FAA halts Washington wing-walking flights, revokes owner’s pilot license


The Mason Wing Walking business in Sequim that allowed paying thrill-seekers to clamber over the wings of a 1940s Stearman biplane while in flight is no more.

The Federal Aviation Administration has revoked the pilot license of Mike Mason, who flew wing-walking flights for the past 12 years in Sequim in summer and in California in the winter.

The FAA “Administrator has determined that an emergency exists related to safety in air commerce and that immediate action to revoke your Airline Transport Pilot certificate is required,” the federal agency wrote in a March 18 letter to Mason. Mason was barred from piloting any plane, effective immediately.

Though the government has now ruled his operation unsafe, in an interview last August Mason claimed that an FAA inspector had given him the all clear to conduct wing-walking flights when he started flying them in 2012.

He said he was assured he was exempt from the standard regulations governing commercial air carriers under rules specific to flight school, acrobatic and aerial photography missions.

The FAA said then it was investigating this claim. The “emergency order of revocation” letter to Mason cites the outcome.

Based on multiple wing walking flights in Sequim last summer and further such flights in Santa Paula, Calif., in December, “you have advertised or offered passenger-carrying aircraft operations to the public without authorization,” the FAA ruled.

During these flights, each lasting about 25 minutes and costing $1,000 to $1,400 for the thrill ride, the wing walker climbed out of the cockpit, tethered to a cable, at about 3,500 feet up.

He or she strapped into a harness on a fixed rig, standing atop the wings as the bright red biplane performed aerobatics, including flipping upside down so that the person’s head pointed straight down at the ground.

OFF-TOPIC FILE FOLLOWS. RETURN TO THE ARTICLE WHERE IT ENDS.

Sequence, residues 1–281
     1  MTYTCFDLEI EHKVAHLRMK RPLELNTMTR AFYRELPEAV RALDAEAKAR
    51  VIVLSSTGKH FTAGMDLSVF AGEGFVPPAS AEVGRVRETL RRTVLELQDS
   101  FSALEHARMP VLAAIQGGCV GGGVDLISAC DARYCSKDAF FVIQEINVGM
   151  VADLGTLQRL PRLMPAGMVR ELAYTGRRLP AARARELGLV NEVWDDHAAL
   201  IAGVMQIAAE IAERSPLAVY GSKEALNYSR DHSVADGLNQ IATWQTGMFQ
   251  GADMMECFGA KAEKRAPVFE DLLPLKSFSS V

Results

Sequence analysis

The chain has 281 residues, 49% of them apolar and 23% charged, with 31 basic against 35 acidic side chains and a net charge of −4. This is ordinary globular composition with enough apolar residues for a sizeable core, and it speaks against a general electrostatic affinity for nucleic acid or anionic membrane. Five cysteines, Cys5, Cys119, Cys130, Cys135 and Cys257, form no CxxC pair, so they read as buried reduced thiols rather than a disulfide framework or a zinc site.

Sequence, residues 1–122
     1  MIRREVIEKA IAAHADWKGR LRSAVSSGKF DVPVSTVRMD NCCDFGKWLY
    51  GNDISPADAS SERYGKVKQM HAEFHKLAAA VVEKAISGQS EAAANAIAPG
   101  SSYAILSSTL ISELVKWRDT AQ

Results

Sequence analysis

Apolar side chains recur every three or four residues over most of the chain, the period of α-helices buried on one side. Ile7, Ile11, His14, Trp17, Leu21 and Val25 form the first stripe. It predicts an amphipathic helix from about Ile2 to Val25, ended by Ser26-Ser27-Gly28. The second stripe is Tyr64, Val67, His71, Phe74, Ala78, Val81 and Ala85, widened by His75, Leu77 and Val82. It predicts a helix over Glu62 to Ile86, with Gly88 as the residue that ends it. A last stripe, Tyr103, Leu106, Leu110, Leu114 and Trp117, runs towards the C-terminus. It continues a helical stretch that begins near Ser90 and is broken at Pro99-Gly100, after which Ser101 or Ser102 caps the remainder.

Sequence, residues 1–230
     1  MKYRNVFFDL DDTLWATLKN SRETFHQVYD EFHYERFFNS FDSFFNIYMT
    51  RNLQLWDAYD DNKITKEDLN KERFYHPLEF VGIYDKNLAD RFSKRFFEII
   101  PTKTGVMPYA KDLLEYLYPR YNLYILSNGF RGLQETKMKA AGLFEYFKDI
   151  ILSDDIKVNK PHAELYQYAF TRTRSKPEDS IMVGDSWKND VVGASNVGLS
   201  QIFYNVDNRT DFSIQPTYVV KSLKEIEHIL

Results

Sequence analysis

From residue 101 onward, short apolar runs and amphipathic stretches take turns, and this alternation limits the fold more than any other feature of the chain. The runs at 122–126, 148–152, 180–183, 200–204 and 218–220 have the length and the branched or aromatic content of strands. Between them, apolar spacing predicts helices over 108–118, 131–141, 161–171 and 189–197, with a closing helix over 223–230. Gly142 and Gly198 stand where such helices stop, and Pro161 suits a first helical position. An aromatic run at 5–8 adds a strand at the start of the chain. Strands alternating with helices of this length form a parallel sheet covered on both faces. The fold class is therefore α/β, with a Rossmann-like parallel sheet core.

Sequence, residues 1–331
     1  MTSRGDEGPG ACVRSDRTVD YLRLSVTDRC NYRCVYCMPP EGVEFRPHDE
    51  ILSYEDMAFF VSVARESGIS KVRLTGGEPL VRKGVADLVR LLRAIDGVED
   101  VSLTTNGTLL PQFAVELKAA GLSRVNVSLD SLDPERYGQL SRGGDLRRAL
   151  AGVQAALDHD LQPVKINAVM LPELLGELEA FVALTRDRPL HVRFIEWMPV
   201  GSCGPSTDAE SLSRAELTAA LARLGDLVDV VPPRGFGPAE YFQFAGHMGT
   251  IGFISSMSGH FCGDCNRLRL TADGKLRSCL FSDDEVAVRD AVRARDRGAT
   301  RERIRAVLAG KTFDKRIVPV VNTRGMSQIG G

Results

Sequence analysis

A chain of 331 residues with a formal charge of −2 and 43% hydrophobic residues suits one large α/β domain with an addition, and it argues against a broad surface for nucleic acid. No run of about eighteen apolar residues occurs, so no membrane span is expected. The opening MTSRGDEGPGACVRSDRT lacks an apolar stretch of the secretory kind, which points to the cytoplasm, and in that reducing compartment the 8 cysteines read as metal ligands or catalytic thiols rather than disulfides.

Then, disconnecting from the rig but still tethered to the cable, the wing walker climbed out onto the wings and lay astride a pole fixed horizontally between the upper and lower wings of the biplane, flying Harry Potter-style.

The FAA investigation determined that those flights “were careless or reckless so as to endanger the life or property of another.”

The letter states that in addition to operating his business without authorization, Mason violated air safety regulations by performing acrobatic flight maneuvers when the paying passenger had no parachute.

This conduct “demonstrates you presently lack the degree of care, judgment and responsibility required,” the letter concludes.

Mason was instructed to surrender his revoked pilot certificate to the FAA immediately, subject to a fine of $1,828 per day for each day he fails to surrender it.

Mason and his wife have two children, one of them disabled. The flying business is their livelihood.

The letter says the FAA won’t accept an application for Mason for a new pilot certificate for one year.

Mason has appealed the FAA action, though he remains barred from flying during the appeal process. The FAA will schedule an appeal hearing, likely in April. He did not respond to multiple requests for comment.

Complaints from residents

The FAA ruling kills what had become a controversial business operation.

Originally, Mason flew out of a grass airstrip at the Blue Ribbon Farms development in Sequim, where the family has a home. Many residents there are former airline pilots and have hangars for small private planes beside their houses.